Dementia care

Assistive monitoring and way finding strategies

Dr Ghasson Shabha, Dr Bisola Mutingwende and Dr Kristi Gaines, describe their recent work to investigate the latest developments in incorporating assistive technology and way finding design strategy in to residential care homes and specialist health facilities

This article will consider the cognitive impairments that are associated with dementia, focusing on the operational challenges involved in caring for people with the condition. The aim is to develop an holistic context-based monitoring system that focuses on wellbeing and environmental safety and initiating an action plan to alert care staff when a safety threshold has been breached. This might include controlling hot and cold water valves and operating fall censors, smoke and fire alarms. It will also assess the efficacy of key technologies and design interventions in managing daily living activities in various settings. Dementia is a debilitating multi- facetted neurocognitive impairment and it is estimated that the condition affects more than two-thirds of care home residents in the UK. Key features of dementia include: memory loss; aphasia (inability to speak); apraxia (disorder of motor planning and clumsiness); agnosia (inability to recognise shapes, objects and individuals); and executive dysfunction, which affects planning, sequencing, monitoring and decision making. Other cognitive impairments include spatial disorientation attributed primarily to memory loss1

and dyspraxia, which is

a form of development co-ordination disorder affecting both fine and gross motor skills and is characterised by poor eye contact and visio-spatial dysfunction.2 While development co-ordination disorder is often regarded as an umbrella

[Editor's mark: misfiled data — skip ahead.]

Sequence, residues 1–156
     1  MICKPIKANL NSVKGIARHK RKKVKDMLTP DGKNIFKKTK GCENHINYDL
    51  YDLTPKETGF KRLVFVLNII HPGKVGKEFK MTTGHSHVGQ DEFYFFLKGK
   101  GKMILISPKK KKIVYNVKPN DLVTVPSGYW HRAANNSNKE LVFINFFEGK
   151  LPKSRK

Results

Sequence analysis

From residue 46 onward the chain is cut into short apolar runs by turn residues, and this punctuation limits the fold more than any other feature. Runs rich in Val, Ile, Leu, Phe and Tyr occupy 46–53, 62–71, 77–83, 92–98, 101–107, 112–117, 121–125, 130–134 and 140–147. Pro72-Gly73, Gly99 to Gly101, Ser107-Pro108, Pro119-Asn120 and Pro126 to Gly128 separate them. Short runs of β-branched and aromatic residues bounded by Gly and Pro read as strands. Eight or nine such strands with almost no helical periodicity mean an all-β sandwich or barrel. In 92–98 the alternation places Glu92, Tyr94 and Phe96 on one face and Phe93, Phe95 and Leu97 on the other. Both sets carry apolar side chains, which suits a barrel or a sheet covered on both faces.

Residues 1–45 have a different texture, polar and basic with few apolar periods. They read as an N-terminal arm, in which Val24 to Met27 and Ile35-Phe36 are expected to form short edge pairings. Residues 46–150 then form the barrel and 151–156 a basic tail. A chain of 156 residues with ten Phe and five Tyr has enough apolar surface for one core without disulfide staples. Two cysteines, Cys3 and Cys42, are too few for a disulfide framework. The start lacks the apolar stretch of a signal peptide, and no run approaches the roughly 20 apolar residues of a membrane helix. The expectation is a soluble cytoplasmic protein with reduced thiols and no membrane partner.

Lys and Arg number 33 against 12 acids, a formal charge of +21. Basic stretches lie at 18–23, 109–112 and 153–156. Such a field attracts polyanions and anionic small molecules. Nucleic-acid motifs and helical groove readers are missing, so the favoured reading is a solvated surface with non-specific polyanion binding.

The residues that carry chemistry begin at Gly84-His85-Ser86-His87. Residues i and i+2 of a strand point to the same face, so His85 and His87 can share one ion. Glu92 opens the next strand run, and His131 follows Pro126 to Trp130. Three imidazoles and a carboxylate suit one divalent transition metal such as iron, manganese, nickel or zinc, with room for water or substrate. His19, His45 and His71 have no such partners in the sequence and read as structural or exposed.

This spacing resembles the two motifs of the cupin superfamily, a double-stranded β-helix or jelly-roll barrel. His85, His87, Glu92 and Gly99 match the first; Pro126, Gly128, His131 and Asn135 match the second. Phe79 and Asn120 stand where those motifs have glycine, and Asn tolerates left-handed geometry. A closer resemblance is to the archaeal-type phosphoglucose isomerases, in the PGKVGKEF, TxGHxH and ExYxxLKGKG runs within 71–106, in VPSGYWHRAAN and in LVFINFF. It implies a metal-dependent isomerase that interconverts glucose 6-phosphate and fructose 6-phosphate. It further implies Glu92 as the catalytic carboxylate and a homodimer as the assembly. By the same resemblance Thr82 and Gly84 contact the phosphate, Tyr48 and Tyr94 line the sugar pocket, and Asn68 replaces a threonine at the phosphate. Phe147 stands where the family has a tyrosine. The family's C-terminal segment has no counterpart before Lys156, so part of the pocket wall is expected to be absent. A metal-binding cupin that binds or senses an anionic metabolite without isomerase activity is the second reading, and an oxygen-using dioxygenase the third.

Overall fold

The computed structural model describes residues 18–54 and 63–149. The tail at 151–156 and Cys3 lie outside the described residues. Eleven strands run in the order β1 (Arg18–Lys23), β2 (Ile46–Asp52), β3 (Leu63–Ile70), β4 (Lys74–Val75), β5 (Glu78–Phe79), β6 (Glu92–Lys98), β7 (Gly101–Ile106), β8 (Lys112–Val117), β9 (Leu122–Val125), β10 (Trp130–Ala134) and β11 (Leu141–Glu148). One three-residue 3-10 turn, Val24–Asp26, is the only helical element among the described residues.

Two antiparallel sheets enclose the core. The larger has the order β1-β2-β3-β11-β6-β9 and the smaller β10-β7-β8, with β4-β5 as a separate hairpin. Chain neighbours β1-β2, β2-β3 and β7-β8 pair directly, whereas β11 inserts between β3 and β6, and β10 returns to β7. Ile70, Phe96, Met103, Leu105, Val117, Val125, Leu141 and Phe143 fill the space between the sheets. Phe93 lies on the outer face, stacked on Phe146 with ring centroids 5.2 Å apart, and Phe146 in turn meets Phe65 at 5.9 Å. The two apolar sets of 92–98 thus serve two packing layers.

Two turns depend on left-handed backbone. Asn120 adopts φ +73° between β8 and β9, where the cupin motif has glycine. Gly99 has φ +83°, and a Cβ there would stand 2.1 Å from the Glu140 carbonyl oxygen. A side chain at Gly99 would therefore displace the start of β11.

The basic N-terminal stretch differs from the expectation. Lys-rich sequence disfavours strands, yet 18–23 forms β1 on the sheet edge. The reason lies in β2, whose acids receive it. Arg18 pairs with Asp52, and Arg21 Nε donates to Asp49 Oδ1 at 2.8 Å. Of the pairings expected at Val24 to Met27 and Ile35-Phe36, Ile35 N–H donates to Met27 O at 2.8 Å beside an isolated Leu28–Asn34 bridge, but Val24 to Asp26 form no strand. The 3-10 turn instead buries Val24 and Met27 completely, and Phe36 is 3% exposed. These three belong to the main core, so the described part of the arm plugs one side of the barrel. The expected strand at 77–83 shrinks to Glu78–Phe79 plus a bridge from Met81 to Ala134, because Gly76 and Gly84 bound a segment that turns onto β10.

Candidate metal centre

term to cover motor co-ordination difficulties, dyspraxia implies additional problems in relation to planning, organising and carrying out movements in the right order in everyday situations. It can also affect articulation and speech as well as perception and thought. Dementia-specific changes in orientation strategies are attributed to a loss of planning ability and spatial understanding, which can result in a person with the condition getting lost in unfamiliar surroundings. A lack of orientation strategies can lead to a loss of direction in the wider built environment.3,4 Such deterioration is detailed in stage three of the Global Deterioration Scale.5

Dementia-specific changes in orientation strategies are attributed to a loss of planning ability and spatial understanding, which can result in a person with the condition getting lost in unfamiliar surroundings

November 2018 •

Cognitive impairments associated with dementia affect the activities associated with daily living and occupational performance both indoors and in the wider built environment. This is particularly true in relation to way finding, navigation and orientation. They therefore significantly increase the risk of a trip or fall. It is estimated that one-third of people aged over 65 and half of those aged over 80, fall at least once a year and falls are the most common cause of death from injury in the over 65s.6

Assistive technologies A wide range of assistive technologies have been developed over the past 10 years. These include any item, piece of equipment or system that is used to increase, maintain and improve functional capabilities and independence in people with cognitive, physical or communication difficulties, from jar openers to bath seats and stair lifts. Assistive technology that is linked to a telephone network is described as ‘telecare’, which suggests that monitoring is undertaken over a distance using smart


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